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It’s possible. I’ve had years at a time that had only the occasional “blip”: A quick flare-up, not more than a week or two, and then back to feeling fine. Honestly fine. Perfectly sane, just with a really dark sense of humor and some vicious memories. 

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@argh
I have SZA BP so I hope it’s ok to post.

I generally do not have super long remissions. I’ll get a good maybe 1-3 months free from the mood junk (guessing here). If I’m super lucky I think I remember a time where it’s been a little longer free from mood junk longer than 3 months. But then things go up or down it seems.

But I always have some mild-moderate and sometimes worse psychosis even when in remission from the mood stuff. It’s always some “delusional thinking and paranoia” as my treatment team puts it. Always simmering in my mind. But I have “treatment resistant psychosis” as my pdoc says. So, there’s that.

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I was symptomatic from 19 years old until I was 34. Functional at times, but always symptomatic. Mostly psychosis stuff. Then I found latuda and I haven’t had any symptoms for 2 years. I don’t know if cognitively I am affected because I haven’t been without meds for so long I can’t remember what it was like being on no meds. But I think I am better cognitively on latuda than I was on other meds.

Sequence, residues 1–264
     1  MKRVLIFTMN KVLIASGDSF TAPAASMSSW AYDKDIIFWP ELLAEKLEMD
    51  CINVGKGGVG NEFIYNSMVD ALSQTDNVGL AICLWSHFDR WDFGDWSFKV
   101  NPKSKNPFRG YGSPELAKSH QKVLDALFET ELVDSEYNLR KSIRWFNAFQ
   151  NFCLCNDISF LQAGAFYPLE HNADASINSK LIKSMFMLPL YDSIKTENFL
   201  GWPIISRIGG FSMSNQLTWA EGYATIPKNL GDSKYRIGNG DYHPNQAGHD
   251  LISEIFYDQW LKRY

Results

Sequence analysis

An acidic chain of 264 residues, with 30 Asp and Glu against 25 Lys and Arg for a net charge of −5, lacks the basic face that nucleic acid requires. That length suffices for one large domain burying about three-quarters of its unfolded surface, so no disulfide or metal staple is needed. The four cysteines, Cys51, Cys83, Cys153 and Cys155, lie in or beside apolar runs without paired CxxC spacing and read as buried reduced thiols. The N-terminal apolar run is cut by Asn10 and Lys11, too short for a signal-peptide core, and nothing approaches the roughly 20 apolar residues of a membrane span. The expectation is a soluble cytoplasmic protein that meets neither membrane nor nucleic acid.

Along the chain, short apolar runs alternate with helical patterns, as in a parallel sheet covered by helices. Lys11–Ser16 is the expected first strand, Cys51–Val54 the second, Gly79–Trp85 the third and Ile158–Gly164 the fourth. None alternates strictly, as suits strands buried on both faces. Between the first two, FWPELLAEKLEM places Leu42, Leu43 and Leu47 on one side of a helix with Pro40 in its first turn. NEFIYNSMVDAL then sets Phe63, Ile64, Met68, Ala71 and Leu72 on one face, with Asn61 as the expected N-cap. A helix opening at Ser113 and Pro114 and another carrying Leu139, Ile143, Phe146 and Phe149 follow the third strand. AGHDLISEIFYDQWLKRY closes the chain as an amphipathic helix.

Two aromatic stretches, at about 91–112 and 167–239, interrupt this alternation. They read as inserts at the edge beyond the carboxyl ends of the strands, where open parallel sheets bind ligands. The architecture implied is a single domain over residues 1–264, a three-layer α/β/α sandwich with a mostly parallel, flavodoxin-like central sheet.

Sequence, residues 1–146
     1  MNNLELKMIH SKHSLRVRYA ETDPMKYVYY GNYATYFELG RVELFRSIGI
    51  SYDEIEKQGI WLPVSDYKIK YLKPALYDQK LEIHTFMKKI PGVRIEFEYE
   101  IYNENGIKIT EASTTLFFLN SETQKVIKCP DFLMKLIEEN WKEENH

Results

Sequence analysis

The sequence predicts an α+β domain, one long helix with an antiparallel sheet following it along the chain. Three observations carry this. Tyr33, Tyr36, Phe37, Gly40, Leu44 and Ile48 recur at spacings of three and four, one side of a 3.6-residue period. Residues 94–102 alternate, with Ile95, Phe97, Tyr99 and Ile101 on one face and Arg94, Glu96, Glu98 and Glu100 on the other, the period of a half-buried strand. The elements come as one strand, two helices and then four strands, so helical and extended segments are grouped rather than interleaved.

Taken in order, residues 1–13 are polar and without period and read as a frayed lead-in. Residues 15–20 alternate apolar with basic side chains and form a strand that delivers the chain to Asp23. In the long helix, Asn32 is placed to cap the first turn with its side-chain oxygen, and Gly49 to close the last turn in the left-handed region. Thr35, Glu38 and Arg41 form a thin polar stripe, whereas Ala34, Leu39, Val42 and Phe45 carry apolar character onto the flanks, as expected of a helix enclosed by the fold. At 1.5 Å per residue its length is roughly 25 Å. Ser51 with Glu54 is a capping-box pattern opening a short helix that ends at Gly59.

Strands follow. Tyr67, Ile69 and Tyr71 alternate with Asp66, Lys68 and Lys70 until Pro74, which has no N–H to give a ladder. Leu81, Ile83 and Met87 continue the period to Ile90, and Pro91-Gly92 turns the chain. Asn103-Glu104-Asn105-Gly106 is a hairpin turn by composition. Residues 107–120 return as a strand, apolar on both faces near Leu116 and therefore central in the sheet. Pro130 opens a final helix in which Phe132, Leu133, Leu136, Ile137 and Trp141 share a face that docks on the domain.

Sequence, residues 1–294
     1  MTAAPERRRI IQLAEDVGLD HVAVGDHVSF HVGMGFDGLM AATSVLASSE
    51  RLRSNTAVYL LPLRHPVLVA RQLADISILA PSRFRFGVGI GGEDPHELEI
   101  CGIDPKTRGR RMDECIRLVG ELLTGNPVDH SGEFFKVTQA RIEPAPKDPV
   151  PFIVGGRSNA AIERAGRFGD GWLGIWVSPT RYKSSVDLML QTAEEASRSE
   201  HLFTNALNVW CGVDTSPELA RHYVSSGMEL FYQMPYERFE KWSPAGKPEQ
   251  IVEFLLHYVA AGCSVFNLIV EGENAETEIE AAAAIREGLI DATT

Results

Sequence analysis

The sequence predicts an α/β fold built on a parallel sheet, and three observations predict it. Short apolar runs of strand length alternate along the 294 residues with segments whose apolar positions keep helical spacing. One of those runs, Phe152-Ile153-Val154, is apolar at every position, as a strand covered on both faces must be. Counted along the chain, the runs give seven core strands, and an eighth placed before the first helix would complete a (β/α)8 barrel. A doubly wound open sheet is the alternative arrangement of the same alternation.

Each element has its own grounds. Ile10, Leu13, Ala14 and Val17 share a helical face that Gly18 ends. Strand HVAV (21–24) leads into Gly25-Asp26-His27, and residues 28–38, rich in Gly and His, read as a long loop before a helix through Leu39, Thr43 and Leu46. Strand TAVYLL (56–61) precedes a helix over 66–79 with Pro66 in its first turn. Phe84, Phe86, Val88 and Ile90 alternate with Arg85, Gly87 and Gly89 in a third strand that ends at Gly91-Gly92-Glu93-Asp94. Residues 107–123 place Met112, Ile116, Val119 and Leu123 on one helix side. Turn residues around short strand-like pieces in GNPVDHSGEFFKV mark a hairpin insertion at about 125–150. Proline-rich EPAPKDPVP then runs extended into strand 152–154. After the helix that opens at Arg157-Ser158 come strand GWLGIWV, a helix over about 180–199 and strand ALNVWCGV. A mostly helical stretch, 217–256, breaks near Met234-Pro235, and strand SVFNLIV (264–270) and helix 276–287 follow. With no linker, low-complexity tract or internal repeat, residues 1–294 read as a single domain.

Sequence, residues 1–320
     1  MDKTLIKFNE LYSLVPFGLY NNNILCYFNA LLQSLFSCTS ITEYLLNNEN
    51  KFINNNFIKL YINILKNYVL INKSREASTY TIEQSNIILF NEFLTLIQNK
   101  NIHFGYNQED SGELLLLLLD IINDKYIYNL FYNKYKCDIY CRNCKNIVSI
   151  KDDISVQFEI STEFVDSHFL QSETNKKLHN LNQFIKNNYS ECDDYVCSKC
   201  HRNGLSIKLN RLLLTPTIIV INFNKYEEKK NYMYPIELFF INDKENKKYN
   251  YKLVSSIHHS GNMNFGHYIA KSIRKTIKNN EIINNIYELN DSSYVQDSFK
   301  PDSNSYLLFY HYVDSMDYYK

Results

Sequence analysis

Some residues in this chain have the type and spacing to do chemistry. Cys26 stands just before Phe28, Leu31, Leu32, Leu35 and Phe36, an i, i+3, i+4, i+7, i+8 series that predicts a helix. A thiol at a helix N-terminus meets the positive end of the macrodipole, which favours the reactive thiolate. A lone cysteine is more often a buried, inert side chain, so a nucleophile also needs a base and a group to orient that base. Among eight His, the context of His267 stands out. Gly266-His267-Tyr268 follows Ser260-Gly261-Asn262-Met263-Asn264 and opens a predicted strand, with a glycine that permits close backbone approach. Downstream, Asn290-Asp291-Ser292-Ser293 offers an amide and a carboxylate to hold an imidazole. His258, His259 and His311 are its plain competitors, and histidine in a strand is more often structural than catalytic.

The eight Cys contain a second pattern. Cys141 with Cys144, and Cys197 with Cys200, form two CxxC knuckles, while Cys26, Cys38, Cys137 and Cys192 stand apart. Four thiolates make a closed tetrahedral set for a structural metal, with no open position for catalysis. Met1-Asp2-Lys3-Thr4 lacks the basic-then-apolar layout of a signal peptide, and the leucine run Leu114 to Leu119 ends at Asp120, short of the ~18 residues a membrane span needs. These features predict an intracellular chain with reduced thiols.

Note, I have Schizoaffective but was initially diagnosed bipolar 1. 

Edited by saintalto
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  • 2 weeks later...

Yes. 

Whether it's likely for you depends on a thousand factors -- genetics, life history, treatment, lifestyle yadda yadda yadda. It's significantly more difficult if you're homeless, for example. (My heart bleeds out for homeless folk who are obviously crazy). And this you've heard a thousand times.

You have to bear in mind that forums like this, support groups, etc. dis-proportionally draw in people who are experience difficulties, whether bad treatment options and shitty pdocs, breakout episodes, adverse life situations... There's significantly less reason for people who are doing fine in life to invest time and emotional energy in support groups. More likely than not they even prefer to forget about this whole madness thing and just take their meds and live as best as they can.

 

(This is not to diminish people who do experience difficulties. It's a curtain-covered doorframe, not a steel door, between doing great in life and getting in trouble because of MI/craziness/madness/demonic possession. But the upshot it's that it's much harder to see the folks doing ok if you're not, and vice-versa.)

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